What’s it about?
Set in 2002 in Uppada – Kakinada region, the story talks about the love relation between Sangeetha aka Babyamma (Krithi Shetty), the daughter of Kotagiri Sesha Rayanam (Vijay Sethupathi), and a fisherman Aashirwadaham aka Aashi. Babyamma’s from an upper-caste Hindu, Aashi is a poor Christian. How do they meet? Well, Aashi has developed a liking for her since his childhood when he first saw her at a Durgah in their village. But Babyamma only falls for him when she is returning from college and sees him beating her brother-in-law. Her brother-in-law has been harassing her and she hates him.
Babyamma falls for him for this simple reason besides the fact that she is not getting affection and love from her father. They do romance hiding on the beach and pop the cherry on a boat.
When Rayanam comes to know her daughter has fallen for a low-caste guy, he feels his ‘prestige’ has fallen, his family’s honor gone. He does anything for the honor. What will he do now as his daughter has already given her heart and body to Aashi? Watch the drama on the screen.
Love Stories with themes of honor killing or pride are slowly becoming the regular pattern in Tollywood. After the Marathi blockbuster ‘Sairat’ mesmerized the audience, Telugu films like ‘Dorasaani’, and ‘Color Photo’ have explored the same theme by placing them in a different milieu. As we have seen in these two Telugu films, ‘Uppena’ also does have a period background. The story takes place in 2002.
‘Uppena’ talks about two things in particular – paruvu (casteism/honor) and magatanam (masculinity). At the very beginning of the story, Babyamma’s teacher explains the true meaning of a being man. When the girl students laugh at the picture of a male organ, the lecturer gives a new definition of manliness. In one of the early scenes, when Rayanam (Vijay Sethupathi) orders tea, and he finds that it doesn’t have enough sugar in it. He doesn’t like to throw away the tea, instead, he puts sugar in his mouth and says, “we have to throw away the part that is not working, not the entire thing”. These two sequences give what is going to come in the end.
New director Buchi Babu has worked more on such detailing than creating new situations or scenes. In cinematic language, we say they are ‘paying’ elements, which can be used in the latter part of the story. Since the plot is familiar, he has worked on these parts. The romantic scenes are clichéd, the conflict is not new. The casteism that it talks about has been dealt with before. The film also has outdated ideas of an 18-year-old girl talking about ‘getting’ a license (thaali) to right the ‘wrong’ (first experience). So, how to make it work? As I said, Buchi Babu has depended on the detailing.
He throws all the hints right from the beginning before revealing the twist in the end. To be fair, the twist is handled by the director so well. The actors have done a great job here, the dialogue writing is at its best. The meaning of true love and manliness is established well in the climax portions. This episode has turned the tide towards the film’s favor after we are presented with predictable situations.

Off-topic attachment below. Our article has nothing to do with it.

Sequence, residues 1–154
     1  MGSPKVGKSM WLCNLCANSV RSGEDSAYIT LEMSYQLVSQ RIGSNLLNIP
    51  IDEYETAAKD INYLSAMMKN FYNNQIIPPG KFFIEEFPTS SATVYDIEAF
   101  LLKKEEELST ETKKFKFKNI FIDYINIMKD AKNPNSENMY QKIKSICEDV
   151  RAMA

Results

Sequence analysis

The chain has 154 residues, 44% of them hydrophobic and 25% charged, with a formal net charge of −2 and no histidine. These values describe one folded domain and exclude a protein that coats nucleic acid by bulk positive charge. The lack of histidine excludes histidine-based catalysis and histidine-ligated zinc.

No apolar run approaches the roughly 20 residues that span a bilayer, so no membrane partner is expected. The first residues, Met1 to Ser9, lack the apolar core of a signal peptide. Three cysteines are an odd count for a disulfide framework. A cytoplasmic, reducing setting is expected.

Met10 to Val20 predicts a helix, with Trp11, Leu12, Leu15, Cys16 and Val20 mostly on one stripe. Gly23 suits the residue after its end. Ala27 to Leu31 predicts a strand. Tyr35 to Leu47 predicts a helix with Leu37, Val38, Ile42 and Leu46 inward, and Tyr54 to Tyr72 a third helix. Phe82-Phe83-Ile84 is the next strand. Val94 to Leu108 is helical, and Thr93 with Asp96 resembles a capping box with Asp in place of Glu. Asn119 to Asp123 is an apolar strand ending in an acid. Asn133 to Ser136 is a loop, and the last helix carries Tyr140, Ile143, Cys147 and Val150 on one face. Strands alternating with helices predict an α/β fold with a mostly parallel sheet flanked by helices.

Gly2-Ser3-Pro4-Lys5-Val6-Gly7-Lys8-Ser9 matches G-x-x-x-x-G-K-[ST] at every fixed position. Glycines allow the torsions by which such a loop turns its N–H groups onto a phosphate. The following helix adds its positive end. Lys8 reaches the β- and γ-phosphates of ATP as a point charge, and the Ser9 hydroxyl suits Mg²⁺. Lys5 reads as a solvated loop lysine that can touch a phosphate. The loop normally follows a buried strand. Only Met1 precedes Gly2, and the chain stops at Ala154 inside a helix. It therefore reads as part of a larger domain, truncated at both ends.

While the plot and screenplay are filled with clichéd elements, he has brought out the best output from music director Devi Sri Prasad, extracted good chemistry from the new pair, and has painted the screen with colorful visuals. These have worked tremendously. If not for Devi Sri Prasad’s music and the visuals, the film would have been a dud.
Coming to performances, both the new pair have done a pretty good job. Vaisshnav Tej is suited to the role of a poor fisherman. He has shown ease. Krithi Shetty completely steals the show, with her beauty and with her expressions. She comes as a fresh daisy. Their chemistry has already become a talking point in its trailers and on the screen, it is even better.
Vijay Sethupathi’s character is written poorly, his role is too clichéd. However, he should be applauded for agreeing to play the role of father to Krithi Shetty. His stature does the magic rather than the character. After ‘Fidaa’, senior actor Sai Chand gets another meaty role, and he leaves his mark.
It is technicians who deserve all appreciation. Devi Sri Prasad and Samdat have put in the best output. Devi Sri Prasad’s songs and background score are the main highlights. The film is shot lavishly.
The director also is good at dialogue writing, but his direction is pretty ordinary. The second half is a complete rip-off of ‘Sairat’.
Bottom-line: ‘Uppena’ mostly depends on the new pair’s chemistry, the excellent musical track, and the visuals. With predictable story and regular narration, its momentum dips at many places, but the climax portion tides over in its favor. It may work with its target audiences – the youngsters.
By: Jalapathy Gudelli
Film: Uppena Cast: Vaisshnav Teja, Krithi Shetty, Vijay Sethupathi, and others Music: Devi Sri Prasad Director of Photography: Shamdat Sainudeen Editor: Naveen Nooli Producers: Naveen Yerneni, Y Ravi Shankar Written and directed by: Buchi Babu Sana Release Date: Feb 12, 2021